The 21st century is likely to be defined by how our global society comes to terms with the reality of limited resources. One example of this is the use of antibiotics since their commercial introduction 80 years ago. The first century of antibiotic usage was marked by the assumption that there will always be another antibiotic available. Yet, as molecule after molecule loses its effectiveness in the wake of emerging multi-drug resistant pathogens, it becomes ever more clear that this approach is not likely to be sustainable over the next 80 years.

The following video provides a very basic introduction to antibiotics:

The following can be considered a standard definition of antibiotic, from Waksman, 1947 , though see as well the discussion of Bentley and Bennett :

An antibiotic is a chemical substance, produced by micro-organisms, which has the capacity to inhibit the growth of and even to destroy bacteria and other micro-organisms. The action of an antibiotic against micro-organisms is selective in nature, some organisms being affected and others not at all or only to a limited degree; each antibiotic is thus characterized by a specific antimicrobial spectrum. The selective action of an antibiotic is also manifested against microbial vs. host cells. Antibiotics vary greatly in their physical and chemical properties and in their toxicity to animals. Because of these characteristics, some antibiotics have remarkable chemotherapeutic potentialities and can be used for the control of various microbial infections in man and animals.

Note that an additional property cited in later Waksman publications is also "that antibiotics were effective in low concentrations, a change intended to exclude materials such as acids and alcohols."

Note, however, from Bentley and Bennett :

Do antibiotics have to be microbial products? Contemporary usage answers this question with a resounding " no." Current usage, by most workers in the field, is extremely inclusive with multicellular plants and animals both being accepted as legitimate sources of antibiotic materials. ¶ …Waksman's antibiotic was synonymous with "all antimicrobial substances of microbial origin." ¶ A difficulty not foreseen by Waksman, or the other early pioneers, was that almost all the clinically significant antibiotics isolated for most of a half century were active only against bacteria. Antifungal agents, antiprotozoal agents, and antiviral agents were-with few exceptions-too toxic for therapeutic use. Therefore, the clinical application of antibiotics was largely restricted to treatment of diseases caused by bacterial pathogens. Because these drugs were so efficacious, many lay people came to expect that they should be effective against all infectious disease. To correct this misconception, it became commonplace for health care workers to warn patients that antibiotics did not work against influenza, malaria, and other microbial diseases of nonbacteriological etiology. This practical advice has affected the vernacular and clinical meaning of antibiotic…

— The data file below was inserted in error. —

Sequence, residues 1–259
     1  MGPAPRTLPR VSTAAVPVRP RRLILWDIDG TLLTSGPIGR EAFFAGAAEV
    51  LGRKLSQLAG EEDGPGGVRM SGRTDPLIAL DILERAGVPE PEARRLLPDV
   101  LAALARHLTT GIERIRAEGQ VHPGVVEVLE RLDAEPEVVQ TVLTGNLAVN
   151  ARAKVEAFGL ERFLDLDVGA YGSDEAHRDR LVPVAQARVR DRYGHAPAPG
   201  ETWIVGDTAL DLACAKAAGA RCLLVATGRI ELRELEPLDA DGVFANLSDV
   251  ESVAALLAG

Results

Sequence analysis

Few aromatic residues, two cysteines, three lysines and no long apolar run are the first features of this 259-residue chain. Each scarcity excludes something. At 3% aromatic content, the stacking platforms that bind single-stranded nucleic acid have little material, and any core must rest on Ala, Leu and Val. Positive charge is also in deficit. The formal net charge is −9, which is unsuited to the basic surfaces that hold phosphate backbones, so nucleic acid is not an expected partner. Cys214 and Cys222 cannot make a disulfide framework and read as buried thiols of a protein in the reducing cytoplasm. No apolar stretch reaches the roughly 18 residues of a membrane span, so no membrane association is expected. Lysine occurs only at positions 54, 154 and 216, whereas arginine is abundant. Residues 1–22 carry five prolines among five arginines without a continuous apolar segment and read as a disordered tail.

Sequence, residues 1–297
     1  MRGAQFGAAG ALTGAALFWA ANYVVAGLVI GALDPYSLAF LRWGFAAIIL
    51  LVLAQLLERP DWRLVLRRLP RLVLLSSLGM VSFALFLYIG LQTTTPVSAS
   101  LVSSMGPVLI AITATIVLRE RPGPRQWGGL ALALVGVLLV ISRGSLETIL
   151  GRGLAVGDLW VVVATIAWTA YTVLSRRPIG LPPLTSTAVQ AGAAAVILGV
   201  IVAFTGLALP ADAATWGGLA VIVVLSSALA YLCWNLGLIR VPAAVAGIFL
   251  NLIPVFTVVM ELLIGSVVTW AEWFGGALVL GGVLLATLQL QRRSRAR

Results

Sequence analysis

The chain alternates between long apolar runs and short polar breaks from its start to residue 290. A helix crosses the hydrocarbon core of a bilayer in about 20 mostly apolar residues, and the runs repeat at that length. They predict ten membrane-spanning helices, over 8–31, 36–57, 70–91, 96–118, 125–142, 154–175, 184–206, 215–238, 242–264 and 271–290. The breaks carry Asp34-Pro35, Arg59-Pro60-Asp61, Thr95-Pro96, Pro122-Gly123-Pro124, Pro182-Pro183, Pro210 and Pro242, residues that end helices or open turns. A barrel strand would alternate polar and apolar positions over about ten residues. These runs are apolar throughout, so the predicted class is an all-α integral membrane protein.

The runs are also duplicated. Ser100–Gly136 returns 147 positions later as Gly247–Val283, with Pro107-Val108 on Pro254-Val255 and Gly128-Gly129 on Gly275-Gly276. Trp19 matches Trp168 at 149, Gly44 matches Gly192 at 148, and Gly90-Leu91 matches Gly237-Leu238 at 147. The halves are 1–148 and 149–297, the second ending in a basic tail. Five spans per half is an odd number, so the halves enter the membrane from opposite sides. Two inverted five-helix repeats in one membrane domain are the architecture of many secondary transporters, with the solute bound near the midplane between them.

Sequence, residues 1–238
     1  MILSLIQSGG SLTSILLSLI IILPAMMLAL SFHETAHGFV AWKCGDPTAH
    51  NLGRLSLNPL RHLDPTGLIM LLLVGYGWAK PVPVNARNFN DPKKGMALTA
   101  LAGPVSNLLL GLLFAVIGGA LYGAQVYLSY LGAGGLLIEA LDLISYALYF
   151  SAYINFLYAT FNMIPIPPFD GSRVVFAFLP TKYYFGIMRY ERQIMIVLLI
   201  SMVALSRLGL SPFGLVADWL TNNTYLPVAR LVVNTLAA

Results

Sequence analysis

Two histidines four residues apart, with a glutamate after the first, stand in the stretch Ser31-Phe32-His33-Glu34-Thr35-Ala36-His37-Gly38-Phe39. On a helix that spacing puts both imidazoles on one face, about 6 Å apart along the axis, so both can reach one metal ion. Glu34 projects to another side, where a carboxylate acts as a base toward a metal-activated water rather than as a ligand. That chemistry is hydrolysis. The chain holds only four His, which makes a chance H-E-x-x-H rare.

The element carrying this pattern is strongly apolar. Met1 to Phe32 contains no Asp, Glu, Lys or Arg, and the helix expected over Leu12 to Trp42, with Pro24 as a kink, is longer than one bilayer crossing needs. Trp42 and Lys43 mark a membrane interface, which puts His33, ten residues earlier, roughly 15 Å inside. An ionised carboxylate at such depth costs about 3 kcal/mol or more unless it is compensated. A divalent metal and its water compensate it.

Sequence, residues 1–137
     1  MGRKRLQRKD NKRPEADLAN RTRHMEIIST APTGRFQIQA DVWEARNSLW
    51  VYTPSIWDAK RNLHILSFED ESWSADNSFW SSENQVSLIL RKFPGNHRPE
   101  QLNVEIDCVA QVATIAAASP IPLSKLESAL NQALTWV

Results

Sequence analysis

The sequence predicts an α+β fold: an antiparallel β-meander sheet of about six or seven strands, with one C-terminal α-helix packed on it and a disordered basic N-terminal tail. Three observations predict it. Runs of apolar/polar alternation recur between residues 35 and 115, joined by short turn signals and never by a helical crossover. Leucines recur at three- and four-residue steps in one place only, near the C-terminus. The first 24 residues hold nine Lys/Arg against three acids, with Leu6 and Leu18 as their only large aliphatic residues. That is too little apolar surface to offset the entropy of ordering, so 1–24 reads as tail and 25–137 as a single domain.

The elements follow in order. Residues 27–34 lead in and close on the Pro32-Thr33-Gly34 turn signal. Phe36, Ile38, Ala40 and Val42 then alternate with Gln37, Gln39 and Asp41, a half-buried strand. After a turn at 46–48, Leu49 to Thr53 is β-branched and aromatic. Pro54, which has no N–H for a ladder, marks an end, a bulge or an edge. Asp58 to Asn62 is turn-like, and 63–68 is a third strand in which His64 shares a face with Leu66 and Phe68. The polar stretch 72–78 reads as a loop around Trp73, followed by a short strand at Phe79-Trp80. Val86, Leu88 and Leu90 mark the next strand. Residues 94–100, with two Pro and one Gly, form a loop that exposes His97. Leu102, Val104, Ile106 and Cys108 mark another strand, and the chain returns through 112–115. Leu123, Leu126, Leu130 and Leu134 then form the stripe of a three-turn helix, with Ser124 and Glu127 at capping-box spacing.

Loading